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Opening the Door to Education

Writer in Residence article about RLC

https://racinewriterinresidence.wordpress.com/2019/06/15/the-racine-literacy-council/

On June 3, I had the pleasure of dropping by the Racine Literacy Council (RLC) at 734 Lake Avenue to talk with Viviana Feil the English Language Learner Coordinator and Edmundo Rosales an English Language Learner (ELL)

The Racine Literacy Council is a 501 (c) (3) volunteer-based organization that provides adult literacy programs in Racine County and works to bring awareness to the community about the importance and impact of literacy.

Their English literacy services consist of two main programs: “Adult Basic Literacy” and the “English Language Learner.” The Basic Literacy Program serves English speaking adults with low literacy skills in reading, writing, and math. The program includes a variety of levels from beginner to GED test prep. The “English Language Learner Program” assists non-English speaking adults in speaking, understanding, reading, and writing English. In addition to learning with tutors, ELL students can take additional conversation or computer classes. Eligible students may also choose to take the Citizenship class which is offered three to four times a year.

The Racine Literacy Council also offers other classes such as GED/HSED Prep classes, Written Driver’s License test tutoring, Health Literacy, Financial Literacy, Microsoft Office for Beginners (Excel, Word, Powerpoint), and Basic Computer Literacy.

Viviana1 (2)

Viviana Feil English is the Language Learner Coordinator, originally from Colombia, she has been the coordinator for the past six months. The RLC, which has existed since 1965, works independently from other literacy councils. Like most non-profits, Viviana noted, it gets its funding from donations by individuals or grants from entities such as The United Way, the Wisconsin Technical College System, the City of Racine, and thru fundraisers.

In the ELL program, Viviana estimates that about 70% of their students are Spanish speakers. Currently there are about 80 students. The first step for a prospective ELL student is to interview with Viviana and take a written assessment test. They will then return and take speaking, writing, and listening tests to asses their level. After that, they are assigned a tutor. Two members of the staff, Viviana and Alma Juarez are bi-lingual. This is obviously necessary in terms of communicating with prospective students.

The ELL classes are free. The students only have to pay for the books; which they get to keep for reference. The RLC uses the “Ventures” ESL series of books; from basic to level five. At first students come every week and have a different tutor each time. After achieving a certain level of fluency, students converse with the same tutor for two hours per week.

In Viviana’s opinion (and mine) the level of public awareness of the RLC is “a little low.” She came from Colombia seven years ago and didn’t hear about the program until four years ago. “We should do more” to make people aware of the council, she noted. “I think we need more publicity.”  The hispanic community is aware of it but nonimmigrants generally aren’t.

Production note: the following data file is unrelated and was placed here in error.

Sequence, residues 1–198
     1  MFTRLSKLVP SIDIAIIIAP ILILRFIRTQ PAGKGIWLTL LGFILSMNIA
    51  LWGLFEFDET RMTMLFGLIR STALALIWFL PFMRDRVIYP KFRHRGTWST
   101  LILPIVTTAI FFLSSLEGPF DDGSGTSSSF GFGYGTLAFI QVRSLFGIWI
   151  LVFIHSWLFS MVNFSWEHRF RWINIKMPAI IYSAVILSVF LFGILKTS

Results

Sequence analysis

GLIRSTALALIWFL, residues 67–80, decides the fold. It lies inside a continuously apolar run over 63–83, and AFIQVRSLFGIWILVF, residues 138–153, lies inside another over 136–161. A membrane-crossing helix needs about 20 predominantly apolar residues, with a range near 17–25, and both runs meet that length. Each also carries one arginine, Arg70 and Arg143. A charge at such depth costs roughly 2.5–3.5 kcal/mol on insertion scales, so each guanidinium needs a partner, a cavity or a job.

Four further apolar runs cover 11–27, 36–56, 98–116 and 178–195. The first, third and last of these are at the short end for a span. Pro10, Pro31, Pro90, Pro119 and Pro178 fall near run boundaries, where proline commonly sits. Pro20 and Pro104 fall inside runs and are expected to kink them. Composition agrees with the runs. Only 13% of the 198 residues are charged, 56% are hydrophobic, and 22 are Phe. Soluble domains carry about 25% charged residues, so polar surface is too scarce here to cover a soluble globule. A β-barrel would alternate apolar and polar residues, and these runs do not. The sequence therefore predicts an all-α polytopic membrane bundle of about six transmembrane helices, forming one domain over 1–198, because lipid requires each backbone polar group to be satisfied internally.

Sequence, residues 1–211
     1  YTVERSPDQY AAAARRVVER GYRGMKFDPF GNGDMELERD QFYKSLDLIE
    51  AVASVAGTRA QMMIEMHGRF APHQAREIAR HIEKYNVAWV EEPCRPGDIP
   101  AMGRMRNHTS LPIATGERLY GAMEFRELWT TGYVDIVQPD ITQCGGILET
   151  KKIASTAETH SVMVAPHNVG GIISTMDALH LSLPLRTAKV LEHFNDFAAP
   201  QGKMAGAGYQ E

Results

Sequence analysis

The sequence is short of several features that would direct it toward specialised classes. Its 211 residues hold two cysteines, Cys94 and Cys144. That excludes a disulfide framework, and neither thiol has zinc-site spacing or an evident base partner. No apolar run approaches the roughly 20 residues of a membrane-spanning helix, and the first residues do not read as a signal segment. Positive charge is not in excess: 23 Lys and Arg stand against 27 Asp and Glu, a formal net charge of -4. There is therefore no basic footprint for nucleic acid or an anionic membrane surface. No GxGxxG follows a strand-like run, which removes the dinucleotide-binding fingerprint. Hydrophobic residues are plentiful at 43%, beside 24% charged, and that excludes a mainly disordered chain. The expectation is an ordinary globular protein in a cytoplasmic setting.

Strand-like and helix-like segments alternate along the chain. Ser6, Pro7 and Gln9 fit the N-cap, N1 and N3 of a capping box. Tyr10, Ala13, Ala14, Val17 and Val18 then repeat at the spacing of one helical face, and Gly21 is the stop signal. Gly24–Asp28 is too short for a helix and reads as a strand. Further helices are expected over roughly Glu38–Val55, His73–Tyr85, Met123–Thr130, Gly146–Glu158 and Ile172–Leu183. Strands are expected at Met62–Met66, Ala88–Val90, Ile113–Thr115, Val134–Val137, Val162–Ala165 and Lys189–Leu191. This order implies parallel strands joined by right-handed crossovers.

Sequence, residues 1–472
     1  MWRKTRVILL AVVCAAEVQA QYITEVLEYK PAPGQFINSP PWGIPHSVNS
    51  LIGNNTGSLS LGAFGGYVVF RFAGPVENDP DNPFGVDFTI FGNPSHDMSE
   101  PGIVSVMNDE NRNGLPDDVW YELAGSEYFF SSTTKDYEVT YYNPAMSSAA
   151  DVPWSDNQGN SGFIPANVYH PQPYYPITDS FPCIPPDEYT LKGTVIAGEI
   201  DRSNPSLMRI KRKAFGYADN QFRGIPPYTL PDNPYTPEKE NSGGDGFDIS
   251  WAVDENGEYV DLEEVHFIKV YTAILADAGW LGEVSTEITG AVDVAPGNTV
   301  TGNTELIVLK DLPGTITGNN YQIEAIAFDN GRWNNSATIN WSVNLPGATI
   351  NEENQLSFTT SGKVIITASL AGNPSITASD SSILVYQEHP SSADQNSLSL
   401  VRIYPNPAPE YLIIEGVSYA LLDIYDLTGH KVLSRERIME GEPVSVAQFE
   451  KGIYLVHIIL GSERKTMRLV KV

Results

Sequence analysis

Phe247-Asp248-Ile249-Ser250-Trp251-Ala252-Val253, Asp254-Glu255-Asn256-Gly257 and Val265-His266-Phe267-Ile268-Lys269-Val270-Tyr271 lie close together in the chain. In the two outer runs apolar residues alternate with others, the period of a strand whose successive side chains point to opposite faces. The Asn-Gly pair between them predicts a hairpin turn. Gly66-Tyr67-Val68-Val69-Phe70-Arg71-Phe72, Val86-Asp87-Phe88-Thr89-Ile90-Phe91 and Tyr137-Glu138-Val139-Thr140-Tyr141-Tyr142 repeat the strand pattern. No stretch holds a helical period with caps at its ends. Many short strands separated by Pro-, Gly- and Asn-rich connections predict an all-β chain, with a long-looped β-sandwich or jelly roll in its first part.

The RLC always need volunteers, not just for tutoring but for other things like administration and even gardening. “If you’d like to make a difference,” Viviana observed, “this is one place you can come. It is amazing what we are doing here; helping people,” she said.

Edmundo

[Edmundo with his language tutor Marcia McCallum.]

Edmundo Rosales came from Mexico in 2001. At first he worked for a carpentry firm and didn’t need to learn English because many of the workers spoke Spanish. He “felt very comfortable” there. Later, at a different job at a meat plant, many workers again spoke Spanish so he didn’t need to speak English. Despite this, he learned the English vocabulary for the names of the various cuts of meat. He felt comfortable at his job and the owner tried to teach him more skills but Edmundo couldn’t understand. He and the owner felt frustrated. He also felt “stuck.” The idea of trimming meat for 8 hours a day for the rest of his life was “kind of boring.” He wanted to do something else and he knew he would have to improve his English skills in order to have more career opportunities. He realized it was “kind of a mistake to avoid” learning English. So, he decided to improve his English. He started by studying it by himself. He got videos and CDs, one series entitled “Follow me to me America” and another “No Walls for English,” which is popular in the hispanic community. But he wasn’t making the progress he wanted.

His wife, who was working at a nursing home and needed to know English in order to interact with the patients, was going to the RLC. Edmundo could see how his wife was improving. But because of his work schedule he couldn’t come to the RLC. At the same time, he and his wife earned their GED (in Spanish) at MATC. His work schedule eventually allowed him to come to the RLC. He first came five years ago. He is now at the level of two hours per week with the same tutor. He feels that is the best way for him to learn; one to one with a tutor. He is not very disciplined, he admits, it pushes him. He is currently also taking seminary classes in Spanish at Concordia University but plans to be an English language pastor in the future.

For more information about Adult Basic Literacy” please contact Carolyn, Basic Education Coordinator, at (262) 977-2879. For more information about the “English Language Learner” program please contact our, ELL Coordinator, at (262) 977-2874. For more information on other classes please contact Alma, Drivers Education Asst. Coordinator, at (262) 977- 2875.

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